The Nature-Nurture debate in both sociology and psychology at a-level has, historically, generally been framed in terms of an either / or approach to understanding the relationship between genes and social / environmental influences. In short, either our behaviour is fundamentally a product of our genetic inheritance (biological determinism) or it is a product of our cultural experiences (cultural determinism).

Recent developments in neuroscience – and, in particular, the ability to see, understand and interpret MRI scan data – have, however, cast doubt on the utility of seeing human behaviour in terms of this relatively simple biology-culture dichotomy.

More specifically, the work of researchers like James Fallon and Kent Kiehl in relation to psychopathy and Randy Jirtle in the field of epigenetics (“above genetics”) has suggested that even though very clear genetic differences exist between the brain structures of “psychopath” and “non-psychopath” the frequently-destructive behaviour of the former can’t simply be explained in terms of simple genetic predispositions: even in what seems one of the most clear-cut examples of genetic predispositions, cultural factors play a clear – and possibly crucial – role in the social development of psychopaths.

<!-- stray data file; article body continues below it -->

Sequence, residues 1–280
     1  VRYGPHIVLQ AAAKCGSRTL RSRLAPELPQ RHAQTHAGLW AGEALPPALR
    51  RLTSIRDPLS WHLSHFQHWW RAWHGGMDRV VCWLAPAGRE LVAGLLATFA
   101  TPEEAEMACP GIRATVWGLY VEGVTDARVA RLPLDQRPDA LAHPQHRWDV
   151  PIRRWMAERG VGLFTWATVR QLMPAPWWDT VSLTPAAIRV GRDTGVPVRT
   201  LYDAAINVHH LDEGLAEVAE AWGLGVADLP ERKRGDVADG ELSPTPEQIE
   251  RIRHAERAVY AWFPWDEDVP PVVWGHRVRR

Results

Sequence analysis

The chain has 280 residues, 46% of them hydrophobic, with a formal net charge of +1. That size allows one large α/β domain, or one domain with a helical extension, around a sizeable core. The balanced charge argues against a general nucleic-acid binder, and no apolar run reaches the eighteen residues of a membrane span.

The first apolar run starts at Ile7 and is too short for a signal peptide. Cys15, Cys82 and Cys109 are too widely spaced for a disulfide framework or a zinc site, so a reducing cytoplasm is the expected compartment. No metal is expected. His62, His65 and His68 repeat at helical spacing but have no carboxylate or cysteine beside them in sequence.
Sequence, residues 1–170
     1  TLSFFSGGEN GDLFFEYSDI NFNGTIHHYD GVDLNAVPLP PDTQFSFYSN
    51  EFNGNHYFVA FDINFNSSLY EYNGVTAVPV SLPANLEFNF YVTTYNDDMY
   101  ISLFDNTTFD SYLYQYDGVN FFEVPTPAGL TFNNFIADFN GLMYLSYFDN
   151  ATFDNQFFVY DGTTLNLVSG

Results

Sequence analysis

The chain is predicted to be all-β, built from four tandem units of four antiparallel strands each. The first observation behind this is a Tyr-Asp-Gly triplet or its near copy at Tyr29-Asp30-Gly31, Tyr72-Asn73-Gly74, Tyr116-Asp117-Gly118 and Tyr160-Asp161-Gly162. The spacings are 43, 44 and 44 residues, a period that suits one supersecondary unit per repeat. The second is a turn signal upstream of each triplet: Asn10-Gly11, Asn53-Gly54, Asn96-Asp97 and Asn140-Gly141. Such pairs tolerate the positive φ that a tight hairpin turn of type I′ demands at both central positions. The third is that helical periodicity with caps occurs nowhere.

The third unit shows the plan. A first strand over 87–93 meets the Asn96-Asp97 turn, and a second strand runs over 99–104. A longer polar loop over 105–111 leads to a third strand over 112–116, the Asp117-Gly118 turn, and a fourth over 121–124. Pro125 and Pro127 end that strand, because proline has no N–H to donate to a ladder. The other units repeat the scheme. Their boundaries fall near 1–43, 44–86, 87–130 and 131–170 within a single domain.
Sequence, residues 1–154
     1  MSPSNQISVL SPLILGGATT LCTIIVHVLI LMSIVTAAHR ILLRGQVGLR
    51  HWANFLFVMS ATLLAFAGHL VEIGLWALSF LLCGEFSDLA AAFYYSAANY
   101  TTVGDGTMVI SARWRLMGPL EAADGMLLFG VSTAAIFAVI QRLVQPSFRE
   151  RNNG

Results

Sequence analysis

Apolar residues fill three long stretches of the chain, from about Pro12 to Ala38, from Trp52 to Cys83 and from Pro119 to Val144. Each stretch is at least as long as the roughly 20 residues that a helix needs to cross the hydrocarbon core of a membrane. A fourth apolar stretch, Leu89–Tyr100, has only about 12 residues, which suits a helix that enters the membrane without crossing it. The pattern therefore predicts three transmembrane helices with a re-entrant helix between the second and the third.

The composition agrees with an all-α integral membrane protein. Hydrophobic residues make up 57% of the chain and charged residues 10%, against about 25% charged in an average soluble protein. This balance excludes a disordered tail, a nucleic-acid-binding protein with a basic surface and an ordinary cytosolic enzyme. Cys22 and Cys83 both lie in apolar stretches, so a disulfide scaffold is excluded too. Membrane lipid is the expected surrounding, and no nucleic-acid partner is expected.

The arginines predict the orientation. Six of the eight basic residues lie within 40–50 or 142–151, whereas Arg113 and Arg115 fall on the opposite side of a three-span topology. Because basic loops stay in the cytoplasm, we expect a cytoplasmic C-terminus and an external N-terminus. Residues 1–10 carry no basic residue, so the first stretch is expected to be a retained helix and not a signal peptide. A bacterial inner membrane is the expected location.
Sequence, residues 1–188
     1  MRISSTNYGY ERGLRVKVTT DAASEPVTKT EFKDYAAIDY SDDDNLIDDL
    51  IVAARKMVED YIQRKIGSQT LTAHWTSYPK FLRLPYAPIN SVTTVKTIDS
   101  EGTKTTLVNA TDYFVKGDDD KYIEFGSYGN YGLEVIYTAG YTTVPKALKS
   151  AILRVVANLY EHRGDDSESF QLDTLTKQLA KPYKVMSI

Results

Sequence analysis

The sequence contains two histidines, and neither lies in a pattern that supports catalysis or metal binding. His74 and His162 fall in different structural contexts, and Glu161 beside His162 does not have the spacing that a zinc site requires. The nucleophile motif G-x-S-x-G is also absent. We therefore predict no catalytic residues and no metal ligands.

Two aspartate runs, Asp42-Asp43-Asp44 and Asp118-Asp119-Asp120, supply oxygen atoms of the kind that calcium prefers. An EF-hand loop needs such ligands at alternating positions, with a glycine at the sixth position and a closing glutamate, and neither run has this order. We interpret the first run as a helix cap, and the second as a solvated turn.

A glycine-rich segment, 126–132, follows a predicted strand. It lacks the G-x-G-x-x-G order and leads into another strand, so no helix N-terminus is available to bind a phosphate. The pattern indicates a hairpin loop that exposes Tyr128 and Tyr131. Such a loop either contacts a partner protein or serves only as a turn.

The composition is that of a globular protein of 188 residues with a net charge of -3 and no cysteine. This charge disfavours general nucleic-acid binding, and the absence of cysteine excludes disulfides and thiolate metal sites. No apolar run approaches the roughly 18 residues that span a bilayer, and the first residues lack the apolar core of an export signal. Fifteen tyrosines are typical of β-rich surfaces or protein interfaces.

This type of research suggests, therefore, that the Nature-Nurture debate is much more complex than previously thought, something you can explore further in a number of ways:

This short article, for example, is an accessible introduction to the work of both Fallon and Kent.

If you prefer a visual explanation of Fallon’s work and findings in the context of his own particular life experiences, this short (19 minute) film (reviewed here by Deb Gajic) will be useful: It’s available On Demand and on DVD.

Similarly, if you want a short (23 minute) introduction to Epigenetics through the work of Randy Jirtle and his ground-breaking Agouti mouse study, also available On Demand and on DVD.

 

 

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